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Arguments over Intuitions?


Deutsch 2010 (The Review of Philosophy and Psychology 1: 447–460) claims that hypothetical scenarios are evaluated using arguments, not intuitions, and therefore experiments on intuitions are philosophically inconsequential. Using the Gettier case as an example, he identifies three arguments that are supposed to point to the right response to the case. In the paper, I present the results of studies ran on Polish, Indian, Spanish, and American participants that suggest that there’s no deep difference between evaluating the Gettier case with intuitions and evaluating it with Deutsch’s arguments. Specifically, I argue that one would find these arguments persuasive if and only if one is already disposed to exhibit the relevant intuition.

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Fig. 1


  1. Cappelen (2014) thinks that experimental philosophy is a completely misconceived endeavor. Deutsch is more congenial, leaving some room for experimental philosophy as the study of people’s beliefs: “such data [gathered by experimental philosophers] are relevant to how we should treat others and how, more fundamentally, we should understand the social practices of different groups of people. Data on the philosophical intuitions of people from different cultural groups serve these broadly ethical goals and has real potential for fostering cross-cultural understanding and respect” (2015, p. 160). Neither author, however, takes experimental philosophy to be of any help in solving purely philosophical problems.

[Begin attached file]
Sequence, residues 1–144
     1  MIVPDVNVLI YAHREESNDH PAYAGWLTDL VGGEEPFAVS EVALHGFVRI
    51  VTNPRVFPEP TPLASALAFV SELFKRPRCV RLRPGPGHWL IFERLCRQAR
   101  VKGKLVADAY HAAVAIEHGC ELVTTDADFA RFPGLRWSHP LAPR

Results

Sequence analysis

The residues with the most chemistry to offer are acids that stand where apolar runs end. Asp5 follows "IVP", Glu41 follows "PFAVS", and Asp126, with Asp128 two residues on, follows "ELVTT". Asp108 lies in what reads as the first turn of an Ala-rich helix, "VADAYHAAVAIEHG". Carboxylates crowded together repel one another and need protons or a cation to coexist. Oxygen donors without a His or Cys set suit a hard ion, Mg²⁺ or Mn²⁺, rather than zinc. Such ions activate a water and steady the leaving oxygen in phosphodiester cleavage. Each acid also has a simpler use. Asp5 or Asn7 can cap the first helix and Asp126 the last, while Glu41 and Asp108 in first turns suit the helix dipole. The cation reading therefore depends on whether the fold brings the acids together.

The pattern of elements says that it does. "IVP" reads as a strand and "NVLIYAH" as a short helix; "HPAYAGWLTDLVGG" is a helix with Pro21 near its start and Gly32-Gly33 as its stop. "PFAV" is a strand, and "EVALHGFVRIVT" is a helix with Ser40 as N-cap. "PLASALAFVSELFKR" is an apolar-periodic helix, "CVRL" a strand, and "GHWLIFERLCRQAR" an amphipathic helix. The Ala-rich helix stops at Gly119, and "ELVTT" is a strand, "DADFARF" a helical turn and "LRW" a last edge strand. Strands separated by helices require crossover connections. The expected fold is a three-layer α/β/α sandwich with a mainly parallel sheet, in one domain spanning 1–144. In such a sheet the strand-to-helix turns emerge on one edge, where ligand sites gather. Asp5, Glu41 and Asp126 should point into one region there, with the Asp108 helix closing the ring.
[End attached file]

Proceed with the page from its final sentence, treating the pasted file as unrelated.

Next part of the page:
2. This attack has been influential; for instance, Cappelen admits that his book was partially inspired by Deutsch (Cappelen 2012, p. 20). Hence, much of what will be said pertains to the core part of Cappelen’s argument as well.

  3. Page numbers in parentheses refer to (Deutsch 2010).

  4. The theorem says that, given any partition of a plane into contiguous regions, at most four colors are required to color the regions in a way that no two regions sharing a border have the same color. In lay terms: any map can be colored with at most four colors so that no countries that share a border have the same color. Interestingly, some philosophers of mathematics deny that the proof is a genuine proof, precisely because no mathematician can understand it, and thus be convinced by it (Tymoczko 1979)—which adds fuel to the claim that good arguments should persuade.